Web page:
John Wray travelled to Afghanistan to research a non-fiction novel about John Walker Lindh, an American who joined the Taliban and was captured by US troops months before 9/11. While in Afghanistan, Wray heard more and more about a “girl” who, like Lindh, left America to join the Taliban. Wray’s biography of Lindh turned into a novel about this “girl”, who he calls Aden Sawyer, a Californian Muslim revert, who on arrival in a Madrasa in Pakistan, takes on a new name, Suleyman Al-Na’ama.
Aden’s name isn’t the only thing that changes. When she arrives, she starts to wrap her breasts in a bandage under her shalwar kameez, deepens her voice and keeps her hair short. She passes as a boy throughout the novel much to the annoyance of her companion, Decker, who just wants sex. Decker, a Muslim American, travels with her for fun, excitement, adventure. Aden’s reasons for leaving her parents in California are more deep-rooted and harder to understand.
Wray is at his best when he writes the space between characters, between Aden and Decker, her teacher, Hayat, her commander, Ziar, and her father, who is a secular Islamic scholar. You’ll notice that every relationship she has is with a man, we see next to nothing about her mother. While this makes sense as training camps are likely male-dominated areas, it can get a little tiring to see Aden passed from man after man as the plot winds on.
At first, I was a little wary of Godsend, unsure how an American could convincingly write about the Middle East. I needn’t have been worried. Perhaps because Wray started this novel as non-fiction, Godsend is clearly well-researched – though Wray doesn’t fall into the trap of bombarding readers with facts.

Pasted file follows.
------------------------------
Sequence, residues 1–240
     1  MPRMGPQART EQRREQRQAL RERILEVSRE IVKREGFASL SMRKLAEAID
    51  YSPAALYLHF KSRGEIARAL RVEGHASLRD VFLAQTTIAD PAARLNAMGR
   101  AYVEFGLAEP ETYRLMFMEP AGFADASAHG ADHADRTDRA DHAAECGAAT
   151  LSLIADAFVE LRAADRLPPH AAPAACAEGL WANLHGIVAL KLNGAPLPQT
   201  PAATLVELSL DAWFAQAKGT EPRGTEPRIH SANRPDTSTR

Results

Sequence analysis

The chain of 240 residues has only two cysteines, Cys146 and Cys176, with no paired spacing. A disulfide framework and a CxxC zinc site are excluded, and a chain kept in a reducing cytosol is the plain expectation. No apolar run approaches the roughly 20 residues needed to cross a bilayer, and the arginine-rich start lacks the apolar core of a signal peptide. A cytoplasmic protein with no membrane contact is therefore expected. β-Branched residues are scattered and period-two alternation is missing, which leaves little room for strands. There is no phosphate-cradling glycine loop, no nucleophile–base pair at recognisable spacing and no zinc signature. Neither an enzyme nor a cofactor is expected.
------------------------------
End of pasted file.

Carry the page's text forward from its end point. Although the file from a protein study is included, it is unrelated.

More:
This is a novel about border crossing, a journey from America to Afghanistan, via Pakistan; a crossing between genders as Aden passes for a man and a crossing from righteousness to violence, from right to wrong, a border which, Wray shows, once crossed is easy to cross again.
To me, American fiction about the ‘War on Terror’ almost always falls flat. The white protagonist travelling East often sticks out as problematic, the male author embodying the female character often falls short of convincing. Wray, however, shows that there is worth in traversing these borders, that as long as a writer has researched well and has empathy for their subject, they can write about whatever they want.
The novel is told in a relatively straightforward way, it’s a chronological journey, a coming-of-age story. Aden’s conversion can be seen on a surface level as teenage rebellion, but it also shows a person’s deep desire for meaning and purpose. She is a relatable character in extraordinary circumstances.
Godsend works best at the big picture level. Sentence for sentence, it’s nothing to shout about and, at times, the dialogue reads as a little stilted. It’s an ambitious book and for the most part Wray delivers on what he sets out to achieve. You can tell why Wray dropped his other book to write this one, the story of an American teenager disguising herself as a boy to join the Taliban is full of potential. I couldn’t help but wonder though, as I finished it, whether it would have been better as a biography of the mysterious “girl” than as a novel imagining her.